There is a need for education officials in Barbados to examine the link between the dropout rate in schools and the propensity of such persons to commit crimes.
This was one of the points emerging out of a National Consultation on Violence hosted by the Criminal Justice Research and Planning Unit (CRJPU) at the Garfield Sobers Gymnasium.
Senior Research Officer at the CRJPU, Kim Ramsay, said research indicated that 63 percent of those surveyed dropped out or were expelled from school before finishing. Those who dropped out did so primarily for financial reasons.
“This is an issue that must be addressed by education officials since most of these persons go on to commit crime and end up in the criminal justice system,” Ms. Ramsay stated.
Of that figure, she added that boys were more likely than girls to be expelled from school, while a higher percentage of girls said they dropped out of school. “That suggests they left school for financial or family reasons,” the researcher said.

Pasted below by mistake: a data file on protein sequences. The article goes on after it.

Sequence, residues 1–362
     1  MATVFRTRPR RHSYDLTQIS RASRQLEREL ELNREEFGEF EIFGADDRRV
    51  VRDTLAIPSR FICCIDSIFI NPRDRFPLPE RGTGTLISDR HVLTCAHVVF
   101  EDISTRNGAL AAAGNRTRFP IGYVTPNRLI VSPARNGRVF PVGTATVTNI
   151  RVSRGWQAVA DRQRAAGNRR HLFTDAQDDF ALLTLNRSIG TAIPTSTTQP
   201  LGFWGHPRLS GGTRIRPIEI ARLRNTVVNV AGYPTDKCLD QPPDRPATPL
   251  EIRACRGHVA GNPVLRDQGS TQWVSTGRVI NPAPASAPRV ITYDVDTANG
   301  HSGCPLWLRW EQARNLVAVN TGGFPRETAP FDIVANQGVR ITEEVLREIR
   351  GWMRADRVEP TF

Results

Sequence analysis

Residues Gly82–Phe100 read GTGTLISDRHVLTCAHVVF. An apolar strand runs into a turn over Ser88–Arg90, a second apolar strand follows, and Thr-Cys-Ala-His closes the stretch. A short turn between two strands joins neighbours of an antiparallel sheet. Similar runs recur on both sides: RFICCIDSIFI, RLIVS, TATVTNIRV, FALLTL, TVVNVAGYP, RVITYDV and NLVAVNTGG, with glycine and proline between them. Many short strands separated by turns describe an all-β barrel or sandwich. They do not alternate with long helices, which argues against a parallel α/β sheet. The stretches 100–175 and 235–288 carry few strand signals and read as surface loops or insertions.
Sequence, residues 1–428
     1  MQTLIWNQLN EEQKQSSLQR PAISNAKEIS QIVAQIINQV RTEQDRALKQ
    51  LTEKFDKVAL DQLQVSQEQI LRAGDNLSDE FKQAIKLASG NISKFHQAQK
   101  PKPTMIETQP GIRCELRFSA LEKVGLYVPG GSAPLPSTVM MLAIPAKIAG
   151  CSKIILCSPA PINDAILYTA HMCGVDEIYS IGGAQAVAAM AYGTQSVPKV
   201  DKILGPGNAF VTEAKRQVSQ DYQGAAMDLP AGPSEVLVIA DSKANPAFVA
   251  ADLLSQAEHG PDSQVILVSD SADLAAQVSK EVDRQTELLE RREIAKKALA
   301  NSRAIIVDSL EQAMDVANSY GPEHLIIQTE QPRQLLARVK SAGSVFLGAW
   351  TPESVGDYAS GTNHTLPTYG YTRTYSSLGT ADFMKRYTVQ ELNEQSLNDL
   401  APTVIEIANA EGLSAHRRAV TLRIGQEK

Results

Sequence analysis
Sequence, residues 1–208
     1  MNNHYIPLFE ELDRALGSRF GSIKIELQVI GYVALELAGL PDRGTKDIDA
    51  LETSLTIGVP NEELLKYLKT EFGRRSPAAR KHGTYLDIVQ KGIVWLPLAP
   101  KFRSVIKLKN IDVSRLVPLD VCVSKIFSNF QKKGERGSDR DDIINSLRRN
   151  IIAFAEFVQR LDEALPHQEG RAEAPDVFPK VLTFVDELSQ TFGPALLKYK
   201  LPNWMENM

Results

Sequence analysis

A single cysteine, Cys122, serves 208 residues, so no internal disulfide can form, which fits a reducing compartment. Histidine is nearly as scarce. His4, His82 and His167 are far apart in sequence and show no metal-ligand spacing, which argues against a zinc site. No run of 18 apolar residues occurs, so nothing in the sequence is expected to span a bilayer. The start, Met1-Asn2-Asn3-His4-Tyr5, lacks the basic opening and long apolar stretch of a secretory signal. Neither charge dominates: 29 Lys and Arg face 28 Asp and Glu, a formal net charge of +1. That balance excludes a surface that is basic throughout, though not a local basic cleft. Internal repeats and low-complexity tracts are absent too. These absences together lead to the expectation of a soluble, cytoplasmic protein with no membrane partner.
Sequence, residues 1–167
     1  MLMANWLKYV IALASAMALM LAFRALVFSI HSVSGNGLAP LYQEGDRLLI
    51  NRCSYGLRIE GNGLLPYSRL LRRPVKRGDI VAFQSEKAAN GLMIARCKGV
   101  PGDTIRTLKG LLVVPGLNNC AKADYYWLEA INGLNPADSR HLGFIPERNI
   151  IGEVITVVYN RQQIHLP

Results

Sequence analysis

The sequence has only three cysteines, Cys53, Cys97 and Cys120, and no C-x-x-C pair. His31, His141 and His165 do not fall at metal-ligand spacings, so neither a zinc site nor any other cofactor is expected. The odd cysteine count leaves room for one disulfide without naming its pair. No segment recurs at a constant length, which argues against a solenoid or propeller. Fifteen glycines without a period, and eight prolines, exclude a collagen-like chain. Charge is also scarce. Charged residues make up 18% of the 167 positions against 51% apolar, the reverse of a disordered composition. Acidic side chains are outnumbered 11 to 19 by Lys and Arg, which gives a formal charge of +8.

Ms. Ramsay further told participants at the consultation that 71 percent of inmates indicated that they received no qualifications on exiting the school system; 15 percent received a vocational qualification; 12 percent received “O” Levels and two percent had a university degree. “Low education and crime are linked,” she said making reference to the statistics.
Ms. Ramsay added that contrary to popular belief, women were also more likely than males not to have any qualifications, with 80 percent having no “O” Levels and 20 percent having some form of qualification.
She added 32 percent of the females indicated that they had dropped out of school and 28 percent said they were expelled. “We have to look at the fact that most of them [female inmates] are non-nationals she suggested.
The Senior Research Officer indicated that 19 per cent of all females in prison were more likely to have a vocational qualification, compared with 15 per cent of males.
However, Ms. Ramsay stated that both males and females interviewed during a survey indicated that their highest level of education was secondary school.